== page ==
Ulcerative colitis is a chronic disease of the colon (large intestine), in which the lining of the colon becomes inflamed and develops small sores or ulcers that produce pus or mucous. The inflammation and ulcers can cause significant abdominal discomfort and frequent emptying of the colon.
Though researchers are making progress in understanding and effectively treating ulcerative colitis, it is still difficult to predict how the disease will affect each person. The type and severity of symptoms, the location of the inflammation in the colon and the response to treatment all vary from person to person. So, to better understand how ulcerative colitis specifically affects you and what you can do to effectively manage your unique symptoms, you need to learn as much as you can. This deeper knowledge will empower you in your management choices and enhance your ability to communicate with your healthcare team. Let’s start by distinguishing the different types of ulcerative colitis.
Though ulcerative colitis is typically discussed as if it is one disease, there are actually several types that are classified by the location of the inflammation within the colon. Your symptoms and possible complications may differ depending on which part of the colon is affected.
Because ulcerative colitis manifests differently in each person, there is also no one treatment regimen that fits every person. The symptoms differ by the type of ulcerative colitis that you have and where the inflammation is located. Most people have symptoms that tend to come and go, often with long periods between flare-ups. During these periods of remission, which may last months or even years, there may be only short-lived mild symptoms or no symptoms at all. Others have frequent flare-ups. Because there is so much variance between people with ulcerative colitis, each approach to treatment must be individualized.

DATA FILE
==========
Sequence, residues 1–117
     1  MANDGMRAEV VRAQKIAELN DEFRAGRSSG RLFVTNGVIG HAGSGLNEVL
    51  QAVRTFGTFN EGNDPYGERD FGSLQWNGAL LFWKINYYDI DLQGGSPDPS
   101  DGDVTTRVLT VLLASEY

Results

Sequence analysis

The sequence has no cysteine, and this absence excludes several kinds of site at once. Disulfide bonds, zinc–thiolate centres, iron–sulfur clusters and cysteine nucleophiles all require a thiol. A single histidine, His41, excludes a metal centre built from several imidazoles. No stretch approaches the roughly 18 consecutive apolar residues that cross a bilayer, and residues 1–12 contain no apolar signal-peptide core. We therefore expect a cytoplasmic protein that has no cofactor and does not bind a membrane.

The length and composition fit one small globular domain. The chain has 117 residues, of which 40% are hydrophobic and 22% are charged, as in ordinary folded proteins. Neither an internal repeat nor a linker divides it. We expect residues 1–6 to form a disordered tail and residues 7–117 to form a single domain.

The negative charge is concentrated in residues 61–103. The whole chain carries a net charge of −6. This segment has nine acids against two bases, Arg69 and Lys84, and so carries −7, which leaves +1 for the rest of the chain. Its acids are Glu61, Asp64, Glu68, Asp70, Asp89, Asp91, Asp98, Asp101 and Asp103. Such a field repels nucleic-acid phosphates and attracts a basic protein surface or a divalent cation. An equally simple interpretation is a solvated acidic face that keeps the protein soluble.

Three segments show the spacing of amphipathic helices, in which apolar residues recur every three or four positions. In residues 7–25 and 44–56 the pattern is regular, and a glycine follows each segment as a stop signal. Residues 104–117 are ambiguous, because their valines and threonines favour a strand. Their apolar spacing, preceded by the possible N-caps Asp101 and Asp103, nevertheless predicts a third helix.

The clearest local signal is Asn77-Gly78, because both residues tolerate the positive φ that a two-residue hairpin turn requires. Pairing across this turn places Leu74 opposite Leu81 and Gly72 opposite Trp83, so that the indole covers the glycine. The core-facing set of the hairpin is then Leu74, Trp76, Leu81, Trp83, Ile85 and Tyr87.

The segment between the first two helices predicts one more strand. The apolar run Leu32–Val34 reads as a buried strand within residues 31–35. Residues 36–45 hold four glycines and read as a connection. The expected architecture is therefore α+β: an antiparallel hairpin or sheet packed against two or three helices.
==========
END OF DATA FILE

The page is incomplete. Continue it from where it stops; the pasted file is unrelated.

Many individuals with ulcerative colitis respond well to medical treatment that involve one or more medications and never need surgery. Others will go on to require surgery, which involves removal of the entire colon.
Ulcerative colitis needs to be approached as a disease that can manifest in any number of ways. The symptoms, progression of the disease and treatment approach that applies to one person may be very different for someone else. You may even find that what works for you now may need to be modified over time due to complications that develop. But, the more you know, the greater your confidence will be that you can still live well with ulcerative colitis.
Ulcerative Colitis · 1055 Patients
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